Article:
Were you musically-inclined as a kid?
I started beating on pots and pans when I was two, got my first real drum kit when I was six and performed with my father’s Top 40 band when I was eight.
What instrument were you playing?
I started out on drums. In eighth grade, I auditioned for the band and got first chair. I had all the drum solos. I didn’t read a lick of music, but I could visually remember what the songs sounded like. That was my gift, but I sold my drum kit when I was 14 and decided I was just going to skateboard and listen to punk rock. I still played shows, but I got rid of my drum kit.
What was your parents’ reaction to that?
They were bummed. They thought punk rock music was total crap. My mom really didn’t understand it, but she dealt with it. I was listening to Void and all the DC stuff and my parents were just not having it. When I sold my drum kit in ’82, I didn’t own another drum kit of my own until I was working with Stacy Peralta in ’86. I still played and started McRad, but I learned to play bass and guitar. The punk thing had nothing to do with what I learned in music class, but I took everything I learned from my parents and uncles and applied it to punk rock.
When did you start McRad?
Beech and I, started talking about McRad at the end of ’82. In the beginning of ’83, Greg Norton, the bass player of Hüsker Dü named us.
How did that happen?
After I graduated high school in ’82, I moved to Philly. I already knew Zeke Zagar, Steve Eye and the guys from the Philly scene, but I hadn’t seen those guys since Cherry Hill had closed. I’d gone to a show in Philly and noticed that all the friends that I’d skated with were going to the shows and putting on their own shows. One day, I heard that Hüsker Dü was coming, so I got a chance to hang out with those guys and watch them jam. I went to WKDU and sat around while they did an interview and that night, they were playing at Jeff Jenkin’s place, which was right next to Drexel University. I was talking to the bass player and the rest of my band was there. He was like, “You guys have a band?” I was like, “Yeah, we’re all skaters.” The guy said, “Why don’t you call it McShred or McRad?” We were like, “Holy shit!” And that was it. It was just some little conversation at a punk rock show.
Once you guys got the band going, did you start playing local gigs?
Our first show, we opened up for Minor Threat at Love Hall.
Whoa. What was that like?
That was so stupid. We looked up to Minor Threat and the Bad Brains so much. Minor Threat was the band that all the young kids could relate to. I learned all their songs on drums over at Steve Eye’s place. That’s where the guys from McRad used to hang out. We had a hangout called Skatecore. They turned that into a magazine. That was our Philly crew of artists, musicians and skaters. We were playing on Broad and South where we had all the BYO shows. We were like, “Hey, if this show is happening, what bands can we get on it?” I remember when Minor Threat was coming. Everyone said, “It’s time for McRad to do a show.” And that was it.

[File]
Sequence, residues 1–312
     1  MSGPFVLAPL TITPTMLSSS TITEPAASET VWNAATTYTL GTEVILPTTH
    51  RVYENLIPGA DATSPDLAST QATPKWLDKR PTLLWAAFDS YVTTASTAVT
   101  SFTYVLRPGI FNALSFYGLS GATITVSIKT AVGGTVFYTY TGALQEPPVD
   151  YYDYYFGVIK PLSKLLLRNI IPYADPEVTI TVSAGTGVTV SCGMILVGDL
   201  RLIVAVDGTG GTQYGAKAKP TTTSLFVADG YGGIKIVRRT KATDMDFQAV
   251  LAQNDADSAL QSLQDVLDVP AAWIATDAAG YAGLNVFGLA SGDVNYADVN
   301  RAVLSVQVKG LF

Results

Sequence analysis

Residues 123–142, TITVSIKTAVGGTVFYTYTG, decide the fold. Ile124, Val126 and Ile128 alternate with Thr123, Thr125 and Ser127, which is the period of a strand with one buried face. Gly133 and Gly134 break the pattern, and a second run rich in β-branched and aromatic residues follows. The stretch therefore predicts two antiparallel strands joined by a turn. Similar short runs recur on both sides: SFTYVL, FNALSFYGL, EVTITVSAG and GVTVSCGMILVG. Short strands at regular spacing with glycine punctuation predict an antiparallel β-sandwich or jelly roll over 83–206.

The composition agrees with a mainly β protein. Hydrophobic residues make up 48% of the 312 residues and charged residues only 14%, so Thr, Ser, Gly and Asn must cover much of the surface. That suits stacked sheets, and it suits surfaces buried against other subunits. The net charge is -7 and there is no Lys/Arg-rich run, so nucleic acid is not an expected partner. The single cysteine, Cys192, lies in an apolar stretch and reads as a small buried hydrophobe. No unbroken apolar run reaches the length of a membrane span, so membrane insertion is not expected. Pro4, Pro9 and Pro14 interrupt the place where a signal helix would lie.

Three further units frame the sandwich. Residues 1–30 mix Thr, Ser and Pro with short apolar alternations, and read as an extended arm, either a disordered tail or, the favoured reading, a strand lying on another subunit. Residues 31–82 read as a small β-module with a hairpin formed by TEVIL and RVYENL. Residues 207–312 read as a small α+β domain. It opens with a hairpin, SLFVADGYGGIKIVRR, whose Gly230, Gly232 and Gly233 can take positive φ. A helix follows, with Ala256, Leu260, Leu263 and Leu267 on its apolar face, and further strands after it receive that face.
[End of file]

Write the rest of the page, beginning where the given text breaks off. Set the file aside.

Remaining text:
How sick was that show?
It was amazing. It was so much fun for us. I was 19. Zeke was 14. The other guys were 15 and 16. It’s weird how much we accomplished from ’82 to the summer of ’84. It was outrageous all the things we got to do.
What was the scene like in Philly? There wasn’t any racist skinhead bullshit was there?
No, not really. The only times we ever dealt with that was when skins would come down from New York. Some of them would try to act like thugs and we couldn’t compete with that, because they lived in the Lower East Side. Back then, the Lower East Side wasn’t like Disneyland, like it is now. It was hardcore, for real. The whole left side and right side thing didn’t really exist in punk rock back then. That didn’t really start until hardcore started getting really political. The whole DC scene was extremely political. I think the white power supremacy thing was a backlash. Punk rock and hardcore was a strong movement. Then, all of a sudden, you had people with all this angst. They picked one band to ignite a cause. They were like, “It’s great to be white and it’s great to be proud.” Maybe the bands didn’t think the audience was that ignorant, but all of a sudden, everyone was into it and it became a problem. It’s weird because white power skinheads would go to a Bad Brains show and pay money because they loved the Bad Brains. Skin color preference is one thing, but if you love music, you love music.